SEMILLAS SEMINAR VIA WEBINAR ANNOUNCEMENT:
Breaking the Fast: Liberation through Education, Militancy and mobilization by the Mexican community in defense of Chicana & Chicano Studies at UCLA in 1993
When: Jun 7, 2018 1:00 PM Pacific Time (US and Canada)
Topic: Breaking the Fast: Liberation through Education
Register in advance for this webinar:
After registering, you will receive a confirmation email containing information about joining the webinar.
Webinar Speakers (PARTIAL LIST)
Juan Gómez-Quiñones (PROFESSOR EMERITUS, Department of History @UCLA)
From 1969 to the present he has taught university classes each year and has delivered papers before professional historical societies and other professional venues in the United States and Mexico. He is a co-founder of Academia Semillas del Pueblo XINAXCALMECAC-Anahuacalmecac (autonomous community-based charter school).
Reynaldo F. Macías (Professor @UCLA)
Dr. Reynaldo F. Macías is a faculty member and founding Chair of the UCLA César E. Chávez Department of Chicana and Chicano Studies and the César E. Chávez Center for Interdisciplinary Instruction. Dr. Macías is an officer on the Council of Trustees of Semillas Sociedad Civil.
Steve Loza (Professor and Chair, Afro-Cuban Ensemble, Ethnomusicology @UCLA)
Steven Loza is a professor of ethnomusicology at UCLA, where he has been on the faculty for twenty-five years and adjunct professor of music at the University of New Mexico, where he formerly directed the Arts of the Americas Institute. Dr. Loza was actively involved in the defense of student demands for Chicana/o Studies at UCLA.
Moderator: Dr. Reynaldo F. Macías, Professor, UCLA
Lead Panelists: Dr. Juan Gómez Quiñones, Professor Emeritus, UCLA, Dr. Steve Loza, Professor, UCLA
Guest Panelists:Dr. Leobardo Estrada, Cindy Montañez, Dr.Blanca Gordo Harry, Minnie Ferguson, Marcos Aguilar, Laura Manzano, Cristine Soto DeBerry, John Fernandez and others TBD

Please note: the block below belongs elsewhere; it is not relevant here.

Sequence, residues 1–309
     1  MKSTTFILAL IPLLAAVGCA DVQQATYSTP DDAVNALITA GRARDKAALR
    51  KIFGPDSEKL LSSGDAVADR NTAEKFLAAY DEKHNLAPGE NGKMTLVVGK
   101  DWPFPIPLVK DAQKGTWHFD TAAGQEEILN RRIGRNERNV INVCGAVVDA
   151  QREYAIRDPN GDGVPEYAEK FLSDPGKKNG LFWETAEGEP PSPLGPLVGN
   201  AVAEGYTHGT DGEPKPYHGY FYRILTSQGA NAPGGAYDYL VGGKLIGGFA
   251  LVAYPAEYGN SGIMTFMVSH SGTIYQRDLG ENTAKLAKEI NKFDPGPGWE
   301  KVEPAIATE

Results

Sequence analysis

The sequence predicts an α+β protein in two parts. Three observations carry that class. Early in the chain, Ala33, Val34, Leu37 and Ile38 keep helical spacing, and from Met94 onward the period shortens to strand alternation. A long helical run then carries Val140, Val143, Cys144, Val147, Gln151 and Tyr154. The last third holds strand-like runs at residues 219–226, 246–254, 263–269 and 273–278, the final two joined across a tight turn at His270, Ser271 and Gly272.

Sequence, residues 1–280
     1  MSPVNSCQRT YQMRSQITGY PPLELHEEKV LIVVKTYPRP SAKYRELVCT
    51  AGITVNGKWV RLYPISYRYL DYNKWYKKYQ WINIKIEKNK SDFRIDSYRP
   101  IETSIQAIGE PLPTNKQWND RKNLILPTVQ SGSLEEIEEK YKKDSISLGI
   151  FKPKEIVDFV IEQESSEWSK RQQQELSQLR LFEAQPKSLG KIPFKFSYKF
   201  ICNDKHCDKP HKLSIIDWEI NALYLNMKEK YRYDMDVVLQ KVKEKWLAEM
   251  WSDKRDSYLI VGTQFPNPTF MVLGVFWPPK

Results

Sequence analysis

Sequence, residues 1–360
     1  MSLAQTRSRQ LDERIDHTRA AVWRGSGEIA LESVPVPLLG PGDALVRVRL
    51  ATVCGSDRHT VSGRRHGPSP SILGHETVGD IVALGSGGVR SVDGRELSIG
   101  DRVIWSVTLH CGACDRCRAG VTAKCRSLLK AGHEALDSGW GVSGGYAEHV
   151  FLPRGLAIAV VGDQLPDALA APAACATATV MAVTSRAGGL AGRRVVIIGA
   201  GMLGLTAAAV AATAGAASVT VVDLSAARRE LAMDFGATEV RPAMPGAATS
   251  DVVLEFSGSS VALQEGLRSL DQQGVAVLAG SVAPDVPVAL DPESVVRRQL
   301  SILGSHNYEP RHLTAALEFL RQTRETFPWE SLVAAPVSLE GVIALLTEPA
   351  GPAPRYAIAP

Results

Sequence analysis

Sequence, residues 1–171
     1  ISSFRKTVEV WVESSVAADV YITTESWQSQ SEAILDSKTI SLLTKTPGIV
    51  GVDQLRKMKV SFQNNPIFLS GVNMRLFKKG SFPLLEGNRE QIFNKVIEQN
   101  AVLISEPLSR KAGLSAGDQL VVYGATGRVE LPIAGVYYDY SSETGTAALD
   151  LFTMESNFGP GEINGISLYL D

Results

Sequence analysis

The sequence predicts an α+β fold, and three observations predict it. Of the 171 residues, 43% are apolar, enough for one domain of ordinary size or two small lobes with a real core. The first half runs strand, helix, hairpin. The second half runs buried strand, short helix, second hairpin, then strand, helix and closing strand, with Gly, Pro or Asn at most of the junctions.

Contrary to the facts of the intersectional solidarity evidenced by the students’ occupation of the UCLA Faculty Center, subsequent mass mobilization and the climactic effectiveness of the hunger strike, Mexican student, community and faculty leadership in this movement have often been misconstrued as “narrow nationalist”. The impact and power of Indigenous Mexican spiritual militancy and community-based mobilization in defense of intersectional and intercultural student direct action to defend ethnic studies programs, libraries and the call to establish a department of Chicana & Chicano Studies at UCLA has not been adequately recorded by existing writings on these events. This panel discussion challenges the euphemism of critiques levied by current literature on the events in question against the Mexican student, faculty and community principals and principles of the movement to establish the Chicana & Chicano Studies department at UCLA. In contrast to the reductionist and ultimately anti-Mexican critiques of the CCS Now movement, this panel seeks to highlight the positive impact of Mexican and Chicano student organizing, direct action and strategic reliance upon spiritual militancy as a methodology to earn and organize moral authority and elevate arguably mundane bureaucratic matters of the university to a more transcendent and meaningful series of actions in the human experience.